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6 Myths About Heart Disease Debunked to Keep You Healthy

Healthy Couple

February is American Heart Month, which is a good time to take stock of your ticker to make sure you’re doing all you can to remain healthy and happy.

An astonishing one in three death occurs because of heart disease and stroke – that comes out to roughly 2,220 deaths daily. If you think you know all there is to know about heart disease, think again. To help you and your family, here are the five biggest myths about heart disease:


One in three Americans suffer from cardiovascular disease, but not everyone is someone you can classify as a senior citizen. The statistics are apt to change, as well, thanks to the rise of obesity and diabetes among people in a younger age bracket. Smoking and skyrocketing cholesterol numbers also contribute to the chances a younger person may be afflicted with heart disease.


There’s no question the fight to beat breast cancer is a noble one and a pressing cause, but it’s important to note that more women die from heart disease than any type of cancer. New Orleans-based cardiologist Richard Milani, of Ochsner Health Center, said, “The leading cause of death in women is heart disease, by a long shot. It beats the living daylights out of all forms of cancer.” In fact, younger women who smoke and take birth control are 20% more like to face some sort of heart issue.


Exercise is an important part of maintaining a healthy lifestyle, but, unfortunately, it’s not a foolproof way to stop heart disease. Yes, it can help you lose weight and lower cholesterol, which are important factors when it comes to fighting heart disease, but there are other factors beyond your control, including your gender, your age and family history of disease, high blood pressure and high cholesterol. Working out is a good place to start, but it’s merely one way to combat heart disease.


Much like exercise, genetics are only one part of the heart disease puzzle. Just because your great-grandfather suffered a heart attack does not mean you will, too. Yes, genes play a role, but don’t forget that your lifestyle also plays a key role. Keep that in mind the next time you chow down on some red meat or light up a cigarette. So, if you come from a family where heart attacks are common, you can ward off that fate by eating vegetables, fruits, exercising and avoiding stress.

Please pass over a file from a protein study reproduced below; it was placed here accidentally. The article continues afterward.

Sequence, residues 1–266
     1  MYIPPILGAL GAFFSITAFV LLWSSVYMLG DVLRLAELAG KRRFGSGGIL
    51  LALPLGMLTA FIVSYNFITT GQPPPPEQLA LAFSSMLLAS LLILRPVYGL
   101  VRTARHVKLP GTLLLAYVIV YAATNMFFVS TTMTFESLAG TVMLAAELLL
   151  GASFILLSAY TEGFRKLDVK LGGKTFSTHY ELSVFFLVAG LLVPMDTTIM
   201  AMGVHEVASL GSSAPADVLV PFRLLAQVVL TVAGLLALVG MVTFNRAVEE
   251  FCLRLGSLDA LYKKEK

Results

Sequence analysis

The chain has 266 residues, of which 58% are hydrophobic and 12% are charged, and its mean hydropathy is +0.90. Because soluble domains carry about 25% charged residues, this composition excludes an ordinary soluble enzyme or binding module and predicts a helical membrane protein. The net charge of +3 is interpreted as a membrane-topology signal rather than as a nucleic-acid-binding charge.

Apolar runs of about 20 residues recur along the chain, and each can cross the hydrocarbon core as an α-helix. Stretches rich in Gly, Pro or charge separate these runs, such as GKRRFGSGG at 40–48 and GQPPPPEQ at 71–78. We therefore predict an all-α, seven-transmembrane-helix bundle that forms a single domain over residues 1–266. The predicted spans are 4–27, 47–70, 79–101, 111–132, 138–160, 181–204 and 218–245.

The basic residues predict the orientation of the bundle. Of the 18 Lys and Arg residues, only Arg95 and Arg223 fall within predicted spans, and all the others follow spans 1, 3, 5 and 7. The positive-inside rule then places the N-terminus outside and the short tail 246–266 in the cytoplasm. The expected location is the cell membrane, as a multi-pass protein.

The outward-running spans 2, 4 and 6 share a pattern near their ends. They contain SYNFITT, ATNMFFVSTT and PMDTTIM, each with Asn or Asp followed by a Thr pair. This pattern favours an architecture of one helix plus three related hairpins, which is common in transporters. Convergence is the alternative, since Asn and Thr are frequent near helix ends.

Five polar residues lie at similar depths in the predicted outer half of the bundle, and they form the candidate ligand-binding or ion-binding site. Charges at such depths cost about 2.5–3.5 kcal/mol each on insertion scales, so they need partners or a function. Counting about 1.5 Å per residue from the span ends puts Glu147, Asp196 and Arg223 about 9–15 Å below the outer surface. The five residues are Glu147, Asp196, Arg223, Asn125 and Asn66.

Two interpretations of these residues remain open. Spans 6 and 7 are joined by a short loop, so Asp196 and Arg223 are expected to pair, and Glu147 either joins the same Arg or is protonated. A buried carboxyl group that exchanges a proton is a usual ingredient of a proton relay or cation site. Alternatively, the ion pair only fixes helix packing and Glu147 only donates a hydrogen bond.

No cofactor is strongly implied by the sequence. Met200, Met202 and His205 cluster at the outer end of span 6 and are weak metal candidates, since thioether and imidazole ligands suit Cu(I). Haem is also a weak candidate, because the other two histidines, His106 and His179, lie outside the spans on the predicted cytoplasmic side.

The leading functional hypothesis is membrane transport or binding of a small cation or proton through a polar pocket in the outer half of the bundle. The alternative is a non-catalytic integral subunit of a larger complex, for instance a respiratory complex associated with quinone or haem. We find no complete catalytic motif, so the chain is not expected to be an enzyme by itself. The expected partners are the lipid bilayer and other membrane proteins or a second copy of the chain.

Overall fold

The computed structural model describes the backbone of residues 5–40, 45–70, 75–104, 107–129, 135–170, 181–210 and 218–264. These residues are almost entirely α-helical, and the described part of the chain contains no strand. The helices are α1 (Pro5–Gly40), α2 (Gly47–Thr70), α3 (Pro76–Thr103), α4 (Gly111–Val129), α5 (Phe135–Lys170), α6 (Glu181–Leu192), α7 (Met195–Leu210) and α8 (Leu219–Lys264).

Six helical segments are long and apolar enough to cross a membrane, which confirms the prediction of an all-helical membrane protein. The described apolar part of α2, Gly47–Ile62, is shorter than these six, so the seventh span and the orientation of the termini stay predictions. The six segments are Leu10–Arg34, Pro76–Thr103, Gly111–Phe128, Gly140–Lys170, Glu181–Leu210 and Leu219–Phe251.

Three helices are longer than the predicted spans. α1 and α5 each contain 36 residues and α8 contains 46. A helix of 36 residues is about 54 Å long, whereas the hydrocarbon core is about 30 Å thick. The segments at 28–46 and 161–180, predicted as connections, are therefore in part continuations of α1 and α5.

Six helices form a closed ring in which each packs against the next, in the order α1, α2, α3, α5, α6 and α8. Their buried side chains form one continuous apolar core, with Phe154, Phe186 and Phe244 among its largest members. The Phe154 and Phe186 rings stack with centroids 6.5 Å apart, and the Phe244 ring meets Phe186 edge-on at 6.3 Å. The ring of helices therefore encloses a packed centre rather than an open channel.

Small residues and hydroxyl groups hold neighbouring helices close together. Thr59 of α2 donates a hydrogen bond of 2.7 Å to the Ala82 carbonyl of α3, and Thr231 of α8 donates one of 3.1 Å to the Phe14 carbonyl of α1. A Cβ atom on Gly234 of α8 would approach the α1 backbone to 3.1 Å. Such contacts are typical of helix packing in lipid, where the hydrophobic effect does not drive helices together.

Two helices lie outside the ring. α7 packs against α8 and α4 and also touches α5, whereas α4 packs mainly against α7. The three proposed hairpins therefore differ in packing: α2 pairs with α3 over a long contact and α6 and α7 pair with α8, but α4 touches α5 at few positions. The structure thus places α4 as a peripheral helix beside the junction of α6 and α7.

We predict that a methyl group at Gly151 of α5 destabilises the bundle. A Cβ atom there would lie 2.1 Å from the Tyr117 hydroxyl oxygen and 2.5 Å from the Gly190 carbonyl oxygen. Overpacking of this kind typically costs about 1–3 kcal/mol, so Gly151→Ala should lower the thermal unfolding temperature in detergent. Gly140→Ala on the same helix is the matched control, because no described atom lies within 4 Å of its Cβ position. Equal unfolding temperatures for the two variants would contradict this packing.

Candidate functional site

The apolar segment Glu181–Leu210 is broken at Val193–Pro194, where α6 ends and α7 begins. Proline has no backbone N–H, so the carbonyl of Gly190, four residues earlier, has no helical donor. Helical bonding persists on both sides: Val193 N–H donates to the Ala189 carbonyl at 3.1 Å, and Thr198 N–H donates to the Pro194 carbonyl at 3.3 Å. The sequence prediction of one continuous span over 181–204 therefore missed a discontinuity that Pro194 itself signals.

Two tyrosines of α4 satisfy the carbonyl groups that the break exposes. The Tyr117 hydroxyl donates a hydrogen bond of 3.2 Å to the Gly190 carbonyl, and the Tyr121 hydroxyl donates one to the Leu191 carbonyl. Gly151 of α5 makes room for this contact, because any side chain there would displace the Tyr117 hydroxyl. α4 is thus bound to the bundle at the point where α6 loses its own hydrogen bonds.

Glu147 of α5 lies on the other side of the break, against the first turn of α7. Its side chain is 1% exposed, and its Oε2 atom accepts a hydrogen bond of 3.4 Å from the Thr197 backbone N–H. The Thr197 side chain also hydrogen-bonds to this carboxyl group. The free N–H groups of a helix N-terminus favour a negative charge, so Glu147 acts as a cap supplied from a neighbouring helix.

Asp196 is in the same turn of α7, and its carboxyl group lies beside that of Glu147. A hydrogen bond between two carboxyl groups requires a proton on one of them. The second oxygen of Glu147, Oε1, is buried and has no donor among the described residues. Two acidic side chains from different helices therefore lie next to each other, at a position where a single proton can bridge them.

Low-carb diets and high-protein diets may be trendy, but they come with risk. A low-carb diet, for instance, can cause more problems for people who already have heart disease and a high-protein diet restricts consumption of fruits and vegetables. The American Heart Association does not support either diet. Vitamins are also not a surefire way to fend off heart disease. Vitamin B does not reduce the risk of heart disease and vitamin E lowers the chances of neither heart attack nor stroke. The AHA encourages people to get their fill of these vitamins from ah healthy diet where they are naturally.


We’ve all seen it in the movies – someone grabs his heart and makes a dramatic scene as he falls to the ground. Well, a heart attack isn’t always so intense. There might be other signs to keep an eye on, including shortness of breath, nausea, lightheadness and pain in the arms, mouth, neck or back.

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